Corner Renaissance is the name of Moncks Corner's downtown redevelopment program. Created in 2015, Corner Renaissance seeks to improve the beauty and commercial attraction of the downtown area, roughly defined as Main Street between Highway 52 and Highway 17A, plus Railroad Avenue. The Town of Moncks Corner is proud to be an affiliate of Main Street South Carolina and Main Street America.
The Corner Renaissance Advisory Board meets as needed at 5:30 p.m. on the second Tuesday of the Month. The public is welcome to attend.
To learn more about the Main Street program, please read this article from the Charleston Post and Courier.
Advisory Board Members
|Clarence Harwell, III
About Main Street
What is Main Street South Carolina? Main Street is a comprehensive revitalization program that promotes the historic and economic redevelopment of traditional business districts in South Carolina. Main Street South Carolina was established in 1984 to encourage and support the revitalization of downtowns throughout the state. Each year, Main Street South Carolina accepts applications and designates selected communities to join the program. These communities receive valuable technical support and training to assist in restoring their Main Streets as centers of community and economic activity. Our member communities have brought significant numbers of new businesses and jobs to their respective downtowns. In addition, facade improvements and building rehabilitation projects have upgraded the image of Main Street. We build on the Four Point Approach developed by the National Main Street Center in 1980 to assist downtown revitalization efforts nationwide.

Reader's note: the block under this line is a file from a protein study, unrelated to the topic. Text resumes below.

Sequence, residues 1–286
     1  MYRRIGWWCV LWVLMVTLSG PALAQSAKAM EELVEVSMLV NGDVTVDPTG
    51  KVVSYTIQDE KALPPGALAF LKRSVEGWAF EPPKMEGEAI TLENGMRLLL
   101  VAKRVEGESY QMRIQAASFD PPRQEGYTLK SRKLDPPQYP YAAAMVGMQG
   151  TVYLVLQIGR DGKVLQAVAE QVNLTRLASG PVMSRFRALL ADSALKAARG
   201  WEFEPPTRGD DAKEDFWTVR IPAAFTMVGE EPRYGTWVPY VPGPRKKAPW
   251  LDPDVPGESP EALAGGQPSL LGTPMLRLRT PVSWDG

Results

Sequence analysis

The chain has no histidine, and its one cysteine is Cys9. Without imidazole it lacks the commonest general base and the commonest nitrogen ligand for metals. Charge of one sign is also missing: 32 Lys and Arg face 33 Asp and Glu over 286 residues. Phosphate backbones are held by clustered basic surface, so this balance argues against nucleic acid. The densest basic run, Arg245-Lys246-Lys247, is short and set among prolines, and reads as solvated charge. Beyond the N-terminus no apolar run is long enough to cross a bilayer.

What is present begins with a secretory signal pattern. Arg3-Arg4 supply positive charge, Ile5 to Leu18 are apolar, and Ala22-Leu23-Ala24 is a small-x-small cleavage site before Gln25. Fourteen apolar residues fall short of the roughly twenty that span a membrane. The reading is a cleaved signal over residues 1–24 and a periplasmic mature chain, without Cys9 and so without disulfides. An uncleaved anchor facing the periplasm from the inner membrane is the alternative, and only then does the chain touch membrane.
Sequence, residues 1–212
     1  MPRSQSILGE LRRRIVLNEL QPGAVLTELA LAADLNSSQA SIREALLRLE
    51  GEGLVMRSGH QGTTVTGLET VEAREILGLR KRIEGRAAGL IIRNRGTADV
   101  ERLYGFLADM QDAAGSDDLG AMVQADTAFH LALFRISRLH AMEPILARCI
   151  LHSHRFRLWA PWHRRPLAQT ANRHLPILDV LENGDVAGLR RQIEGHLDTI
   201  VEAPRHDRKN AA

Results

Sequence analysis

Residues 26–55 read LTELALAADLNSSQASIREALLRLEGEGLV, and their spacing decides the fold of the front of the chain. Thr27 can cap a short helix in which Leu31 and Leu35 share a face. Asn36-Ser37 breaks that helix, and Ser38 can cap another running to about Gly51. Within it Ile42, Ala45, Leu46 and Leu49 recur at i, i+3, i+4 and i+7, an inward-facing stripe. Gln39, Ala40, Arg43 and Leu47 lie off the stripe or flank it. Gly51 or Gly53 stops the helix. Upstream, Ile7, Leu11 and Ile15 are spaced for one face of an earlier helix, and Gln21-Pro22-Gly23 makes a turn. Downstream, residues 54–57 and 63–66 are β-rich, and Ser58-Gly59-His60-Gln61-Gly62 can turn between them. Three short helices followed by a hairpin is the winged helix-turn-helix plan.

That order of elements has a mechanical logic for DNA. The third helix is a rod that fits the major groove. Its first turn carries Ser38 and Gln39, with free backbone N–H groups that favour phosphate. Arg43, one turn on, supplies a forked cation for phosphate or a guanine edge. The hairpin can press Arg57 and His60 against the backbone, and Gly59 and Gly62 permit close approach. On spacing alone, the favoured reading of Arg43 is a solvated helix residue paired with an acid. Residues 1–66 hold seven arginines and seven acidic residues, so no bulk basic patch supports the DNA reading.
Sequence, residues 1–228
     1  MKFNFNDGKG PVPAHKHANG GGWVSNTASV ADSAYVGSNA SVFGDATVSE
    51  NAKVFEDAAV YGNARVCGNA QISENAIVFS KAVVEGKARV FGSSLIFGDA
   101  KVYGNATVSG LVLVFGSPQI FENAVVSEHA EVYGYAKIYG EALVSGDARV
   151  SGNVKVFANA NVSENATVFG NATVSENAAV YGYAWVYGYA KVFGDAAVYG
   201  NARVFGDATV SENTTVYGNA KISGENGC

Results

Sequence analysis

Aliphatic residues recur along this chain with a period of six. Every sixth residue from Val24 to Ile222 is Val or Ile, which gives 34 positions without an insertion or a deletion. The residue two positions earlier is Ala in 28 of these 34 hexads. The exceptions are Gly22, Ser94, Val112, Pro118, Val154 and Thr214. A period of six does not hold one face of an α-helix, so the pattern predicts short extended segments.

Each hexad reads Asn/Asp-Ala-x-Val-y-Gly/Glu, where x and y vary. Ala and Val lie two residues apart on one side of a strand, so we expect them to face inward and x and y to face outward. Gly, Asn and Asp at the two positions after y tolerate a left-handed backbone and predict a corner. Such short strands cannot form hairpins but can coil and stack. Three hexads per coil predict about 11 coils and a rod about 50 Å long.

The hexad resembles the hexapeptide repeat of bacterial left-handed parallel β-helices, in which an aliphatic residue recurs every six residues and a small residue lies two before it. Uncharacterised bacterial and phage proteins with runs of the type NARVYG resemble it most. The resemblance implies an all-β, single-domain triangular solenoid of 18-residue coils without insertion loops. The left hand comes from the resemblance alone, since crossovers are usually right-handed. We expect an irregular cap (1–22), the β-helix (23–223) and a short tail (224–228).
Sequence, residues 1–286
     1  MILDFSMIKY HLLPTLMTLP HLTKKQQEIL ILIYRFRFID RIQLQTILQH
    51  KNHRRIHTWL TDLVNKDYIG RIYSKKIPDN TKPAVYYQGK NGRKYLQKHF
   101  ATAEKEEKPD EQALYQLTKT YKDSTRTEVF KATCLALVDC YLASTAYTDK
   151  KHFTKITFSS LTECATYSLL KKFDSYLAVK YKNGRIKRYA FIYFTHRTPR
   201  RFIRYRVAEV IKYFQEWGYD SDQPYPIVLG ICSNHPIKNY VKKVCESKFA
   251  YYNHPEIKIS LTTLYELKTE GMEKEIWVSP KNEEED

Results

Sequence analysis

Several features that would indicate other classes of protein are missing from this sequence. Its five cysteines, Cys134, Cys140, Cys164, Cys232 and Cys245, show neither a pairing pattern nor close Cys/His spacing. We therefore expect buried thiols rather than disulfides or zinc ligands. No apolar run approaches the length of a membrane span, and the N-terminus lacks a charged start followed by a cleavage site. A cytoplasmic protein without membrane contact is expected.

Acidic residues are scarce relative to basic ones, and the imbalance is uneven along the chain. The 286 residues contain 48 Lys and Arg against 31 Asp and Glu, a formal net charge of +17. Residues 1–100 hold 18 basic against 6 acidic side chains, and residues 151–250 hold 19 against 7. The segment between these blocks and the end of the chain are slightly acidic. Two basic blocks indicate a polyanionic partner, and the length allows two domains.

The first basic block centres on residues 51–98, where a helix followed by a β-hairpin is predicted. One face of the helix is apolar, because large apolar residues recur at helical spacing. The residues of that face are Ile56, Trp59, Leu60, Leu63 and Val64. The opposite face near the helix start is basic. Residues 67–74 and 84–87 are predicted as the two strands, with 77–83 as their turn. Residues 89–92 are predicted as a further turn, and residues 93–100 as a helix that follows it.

The Four Point Approach
There are no quick fixes for declining downtowns. True success comes from using a comprehensive and incremental approach such as the Main Street program. Four elements combine to create this well-balanced program:
- Organization involves building a local Main Street organization that is well represented and funded by local residents, merchants, property owners, civic groups, bankers, public officials, and chambers of commerce. A strong organization provides stability to build and maintain a long-term effort.
- Economic Development involves analyzing current market forces to develop long-term solutions. Recruiting new businesses, creatively converting unused space for new uses, and sharpening the competitiveness of Main Street’s entrepreneurial merchants are examples of economic development activities.
- Design enhances the visual appearance, attractiveness and traffic management of the business district. Historic building rehabilitations, street and alley clean-ups, parking and traffic calming issues, colorful banners, landscaping, and lighting all improve the physical beauty of the downtown as a quality place in which to shop, work, walk, invest and live.
- Promotion involves marketing an enticing image to shoppers, investors, residents and visitors. Festivals, retail events and image development campaigns are some of the ways Main Street encourages consumer traffic in the downtown.